I don't know what a "Thai Prenup" is, so I may not be giving you a fully-informed answer.
Assuming, eventually, the prenup possibly would be enforced or contested in an American court, then it would probably be best to have it crafted under American laws. If you anticipate the agreement may eventually be needed in the Thai legal system, then it should probably be crafted with an eye toward those laws and norms.
Prenups from other lands usually are valid and enforceable in the U.S. -- so long as they satisfy the requirements of the laws of the particular state in which they are enforced or contested. There is nothing magical about a document prepared on American soil as opposed to Thai soil. Sometimes, however, cultural norms from other lands conflict with public policy that is common in the U.S. When that happens, the agreement is not enforceable (in the U.S.).
Given that the technology allows it, why not have an agreement prepared now, in the U.S., e-mail it to her for review and allow her time to contemplate it's import and seek counsel, revise it if necessary, and then execute the document . . . wherever?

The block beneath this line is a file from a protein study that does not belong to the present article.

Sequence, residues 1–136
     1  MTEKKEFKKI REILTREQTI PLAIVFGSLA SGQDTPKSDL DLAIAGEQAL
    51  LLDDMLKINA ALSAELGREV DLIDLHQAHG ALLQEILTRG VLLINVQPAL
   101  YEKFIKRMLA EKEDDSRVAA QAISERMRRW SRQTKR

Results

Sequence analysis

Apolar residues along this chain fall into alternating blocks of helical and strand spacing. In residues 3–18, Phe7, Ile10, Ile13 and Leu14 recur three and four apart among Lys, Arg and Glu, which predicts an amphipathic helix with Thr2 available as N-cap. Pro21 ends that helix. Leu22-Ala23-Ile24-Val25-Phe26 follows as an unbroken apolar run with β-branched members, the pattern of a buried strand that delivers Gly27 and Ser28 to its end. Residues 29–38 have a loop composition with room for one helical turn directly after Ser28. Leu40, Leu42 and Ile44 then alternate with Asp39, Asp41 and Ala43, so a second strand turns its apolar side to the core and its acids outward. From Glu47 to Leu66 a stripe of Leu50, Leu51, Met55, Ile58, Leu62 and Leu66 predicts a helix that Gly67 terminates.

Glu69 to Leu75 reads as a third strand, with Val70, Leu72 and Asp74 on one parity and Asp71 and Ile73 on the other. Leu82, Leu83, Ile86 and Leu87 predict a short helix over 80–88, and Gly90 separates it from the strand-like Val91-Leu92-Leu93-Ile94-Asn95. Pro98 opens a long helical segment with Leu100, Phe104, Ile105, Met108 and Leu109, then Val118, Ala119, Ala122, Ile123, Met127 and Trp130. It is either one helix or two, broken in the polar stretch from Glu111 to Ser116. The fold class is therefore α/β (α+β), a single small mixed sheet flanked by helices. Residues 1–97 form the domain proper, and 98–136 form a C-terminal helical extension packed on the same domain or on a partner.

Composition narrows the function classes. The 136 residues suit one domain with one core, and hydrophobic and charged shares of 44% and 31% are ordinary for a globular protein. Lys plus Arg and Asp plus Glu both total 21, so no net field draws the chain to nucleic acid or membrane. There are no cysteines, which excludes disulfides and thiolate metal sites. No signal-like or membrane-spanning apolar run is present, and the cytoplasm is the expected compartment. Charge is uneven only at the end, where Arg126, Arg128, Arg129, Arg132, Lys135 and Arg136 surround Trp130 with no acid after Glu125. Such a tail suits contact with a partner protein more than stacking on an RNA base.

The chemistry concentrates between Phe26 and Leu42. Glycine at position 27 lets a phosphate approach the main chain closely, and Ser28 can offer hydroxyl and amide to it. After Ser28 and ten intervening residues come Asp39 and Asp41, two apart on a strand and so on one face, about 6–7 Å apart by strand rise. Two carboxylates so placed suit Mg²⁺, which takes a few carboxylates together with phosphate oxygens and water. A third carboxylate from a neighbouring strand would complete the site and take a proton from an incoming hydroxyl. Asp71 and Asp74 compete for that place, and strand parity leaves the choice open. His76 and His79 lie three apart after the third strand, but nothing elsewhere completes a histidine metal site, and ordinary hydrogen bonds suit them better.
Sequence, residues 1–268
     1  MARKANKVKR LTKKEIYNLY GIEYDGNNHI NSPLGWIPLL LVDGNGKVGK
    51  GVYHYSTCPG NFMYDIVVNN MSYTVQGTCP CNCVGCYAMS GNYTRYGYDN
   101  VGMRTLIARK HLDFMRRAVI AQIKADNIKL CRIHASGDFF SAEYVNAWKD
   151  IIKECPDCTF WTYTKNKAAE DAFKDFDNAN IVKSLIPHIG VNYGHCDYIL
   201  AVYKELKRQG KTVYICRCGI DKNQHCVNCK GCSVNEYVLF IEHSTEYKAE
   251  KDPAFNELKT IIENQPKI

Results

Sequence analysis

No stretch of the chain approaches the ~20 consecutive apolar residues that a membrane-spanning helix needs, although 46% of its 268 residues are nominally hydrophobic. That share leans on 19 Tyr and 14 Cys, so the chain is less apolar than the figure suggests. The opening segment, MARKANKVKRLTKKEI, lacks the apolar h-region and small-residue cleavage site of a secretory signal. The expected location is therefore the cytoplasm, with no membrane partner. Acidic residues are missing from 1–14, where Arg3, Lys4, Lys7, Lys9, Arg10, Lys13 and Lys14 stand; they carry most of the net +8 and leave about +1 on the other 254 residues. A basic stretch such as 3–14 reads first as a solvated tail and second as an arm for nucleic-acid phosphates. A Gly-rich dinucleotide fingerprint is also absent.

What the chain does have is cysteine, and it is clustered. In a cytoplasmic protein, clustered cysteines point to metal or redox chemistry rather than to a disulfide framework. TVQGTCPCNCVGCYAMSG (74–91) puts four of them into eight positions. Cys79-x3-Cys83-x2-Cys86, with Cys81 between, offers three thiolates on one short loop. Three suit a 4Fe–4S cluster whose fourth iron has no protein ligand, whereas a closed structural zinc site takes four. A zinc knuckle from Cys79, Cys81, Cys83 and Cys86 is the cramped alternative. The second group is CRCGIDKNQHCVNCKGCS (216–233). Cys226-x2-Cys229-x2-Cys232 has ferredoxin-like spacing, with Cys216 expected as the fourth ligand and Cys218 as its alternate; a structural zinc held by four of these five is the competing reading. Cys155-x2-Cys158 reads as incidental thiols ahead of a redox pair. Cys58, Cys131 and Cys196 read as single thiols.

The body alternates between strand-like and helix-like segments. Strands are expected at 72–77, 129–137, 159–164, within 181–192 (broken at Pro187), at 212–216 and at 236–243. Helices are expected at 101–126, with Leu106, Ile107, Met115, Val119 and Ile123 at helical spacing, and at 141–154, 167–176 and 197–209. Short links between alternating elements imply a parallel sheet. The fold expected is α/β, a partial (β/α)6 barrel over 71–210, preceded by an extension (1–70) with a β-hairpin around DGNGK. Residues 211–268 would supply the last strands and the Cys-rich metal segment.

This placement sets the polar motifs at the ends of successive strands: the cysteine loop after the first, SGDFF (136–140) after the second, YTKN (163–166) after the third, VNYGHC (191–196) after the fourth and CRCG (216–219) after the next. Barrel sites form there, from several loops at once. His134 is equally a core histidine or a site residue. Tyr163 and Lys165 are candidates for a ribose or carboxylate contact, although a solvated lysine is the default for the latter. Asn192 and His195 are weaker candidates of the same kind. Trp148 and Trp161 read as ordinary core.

Not an immigration question.
(213) 394-4554 x0 Mr. Shusterman is a former INS Trial Attorney (1976-82) with over 35 years of immigration experience. His response to your question is general in nature, as not all the facts are known to him. You should retain an attorney experienced in immigration law to review all the facts in your case in order to receive advice specific to your case. Mr. Shusterman's statement above does not create an attorney/client relationship.
There is no way to know which form of pre-nup will hold up better. It will depend primarily on where you intend to live permanently. You should decide before marrying/. Both of you should have lawyers. And do NOT have different documents prepared for each company as they could end up competing with each other.
It's not where you are getting married that's important given your choice of Country pre-nup question: it's where you might end up getting divorced. Where do you intend on permanently residing? That's the Country to have the pre-nup drafted and executed.
You should see an immigration attorney about your visa, and a family law attorney about the prenup. We can guide with immigration but must refer clients for the prenup.
Dhenu Savla, Esq.
This answer does not create an attorney-client relationship and is not meant to be relied upon as legal advice.
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